The Massachusetts Securities Division filed a complaint today against Securities America, charging the broker-dealer made omissions and misleading statements when it sold approximately $697 million in promissory notes.
The promissory notes, which were private placement securities, were issued by corporations owned by Medical Capital Holdings Inc. The division is seeking a cease and desist order and an administrative fine against Securities America and restitution for all Massachusetts investors who bought the notes.
According to the administration complaint, Securities America was a placement agent for the sale of the notes from 2003 through 2008. Medical Capital raised funds by issuing the notes, which then would be used to purchase batches of medical receivables to be held in trust for each of its corporations that issued the notes, the complaint says. Other complaints have been leveled against Securities America, a subsidiary of Ameriprise Financial, regarding the sale of Medical Capital securities and tenants in common products. Last week, Securities America CEO Steve McWhorter announced he would retire after 22 years of service to spend more time with his family.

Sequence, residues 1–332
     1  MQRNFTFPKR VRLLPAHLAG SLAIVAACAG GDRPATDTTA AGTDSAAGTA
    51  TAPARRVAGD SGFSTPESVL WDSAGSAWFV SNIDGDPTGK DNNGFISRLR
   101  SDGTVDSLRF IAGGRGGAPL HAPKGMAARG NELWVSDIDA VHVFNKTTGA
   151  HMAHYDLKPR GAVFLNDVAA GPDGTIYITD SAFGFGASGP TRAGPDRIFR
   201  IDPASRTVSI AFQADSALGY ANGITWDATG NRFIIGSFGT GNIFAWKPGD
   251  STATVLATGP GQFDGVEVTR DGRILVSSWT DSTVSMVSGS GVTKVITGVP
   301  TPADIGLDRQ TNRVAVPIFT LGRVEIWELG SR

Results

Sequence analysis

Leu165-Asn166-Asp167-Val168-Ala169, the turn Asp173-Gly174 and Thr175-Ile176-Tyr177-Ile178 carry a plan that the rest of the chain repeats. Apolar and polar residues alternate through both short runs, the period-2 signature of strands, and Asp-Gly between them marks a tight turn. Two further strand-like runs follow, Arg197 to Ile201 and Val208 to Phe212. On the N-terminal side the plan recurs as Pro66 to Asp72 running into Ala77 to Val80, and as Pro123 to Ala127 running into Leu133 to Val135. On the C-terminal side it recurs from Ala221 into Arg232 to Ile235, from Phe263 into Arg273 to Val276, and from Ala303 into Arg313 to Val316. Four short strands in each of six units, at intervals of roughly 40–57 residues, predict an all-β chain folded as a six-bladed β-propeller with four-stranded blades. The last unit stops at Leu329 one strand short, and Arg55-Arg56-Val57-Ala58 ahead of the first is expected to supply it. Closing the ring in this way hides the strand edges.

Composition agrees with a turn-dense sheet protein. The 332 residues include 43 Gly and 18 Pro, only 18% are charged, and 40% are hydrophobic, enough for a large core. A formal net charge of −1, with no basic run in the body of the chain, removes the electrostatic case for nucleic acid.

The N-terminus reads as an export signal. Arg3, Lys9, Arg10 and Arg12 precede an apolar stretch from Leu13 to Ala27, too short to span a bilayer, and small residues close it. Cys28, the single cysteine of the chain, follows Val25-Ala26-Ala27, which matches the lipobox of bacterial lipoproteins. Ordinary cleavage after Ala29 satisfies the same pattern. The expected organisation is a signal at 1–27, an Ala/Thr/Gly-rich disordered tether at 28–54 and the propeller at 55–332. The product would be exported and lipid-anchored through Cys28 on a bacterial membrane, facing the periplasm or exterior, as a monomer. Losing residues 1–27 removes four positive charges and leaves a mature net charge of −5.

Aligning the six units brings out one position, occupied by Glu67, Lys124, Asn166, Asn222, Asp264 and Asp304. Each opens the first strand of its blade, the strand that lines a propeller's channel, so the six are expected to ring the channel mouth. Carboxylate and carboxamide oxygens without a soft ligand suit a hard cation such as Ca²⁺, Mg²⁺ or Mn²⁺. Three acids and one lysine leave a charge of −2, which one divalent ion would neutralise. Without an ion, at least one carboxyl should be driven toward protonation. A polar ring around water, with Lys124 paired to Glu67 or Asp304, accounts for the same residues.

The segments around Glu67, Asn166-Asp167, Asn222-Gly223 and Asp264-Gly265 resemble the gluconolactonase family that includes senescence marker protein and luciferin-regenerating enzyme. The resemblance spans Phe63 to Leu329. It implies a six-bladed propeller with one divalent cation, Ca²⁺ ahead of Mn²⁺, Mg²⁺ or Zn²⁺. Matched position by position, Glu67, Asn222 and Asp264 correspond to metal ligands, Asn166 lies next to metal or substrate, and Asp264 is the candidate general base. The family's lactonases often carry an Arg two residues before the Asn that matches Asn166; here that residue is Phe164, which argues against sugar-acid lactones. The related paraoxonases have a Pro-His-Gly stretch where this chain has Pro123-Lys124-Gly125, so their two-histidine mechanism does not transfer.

Private placement securities are supposed to be for "accredited" investors, but unsophisticated investors placed their life savings into Medical Capital notes based on recommendations from Securities America that the investments were suitable, the complaint charges. More than 400 registered reps of Securities America sold the notes using private placement memorandums, marketing flyers and pamphlets, the complaint says. The notes were characterized as "secured" in material from Medical Capital and Securities America, the division says.
Medical Capital issued more than $1.7 billion in notes from 2003 to 2009, and Securities America sold 37% of the total, the complaint says. Securities America sold the notes to more than 60 Massachusetts investors, who purchased approximately $7.2 million of them, it adds. The brokerage firm received more than $26 million in compensation and top executives enjoyed vacation trips such as golfing in Pebble Beach and stays in Las Vegas resorts, which were paid by Medical Capital, the complaint says.
Since August 2008, Medical Capital has defaulted on all of its outstanding notes and is in permanent receivership, leaving millions of dollars of investors' life savings frozen and illiquid, the complaint says.
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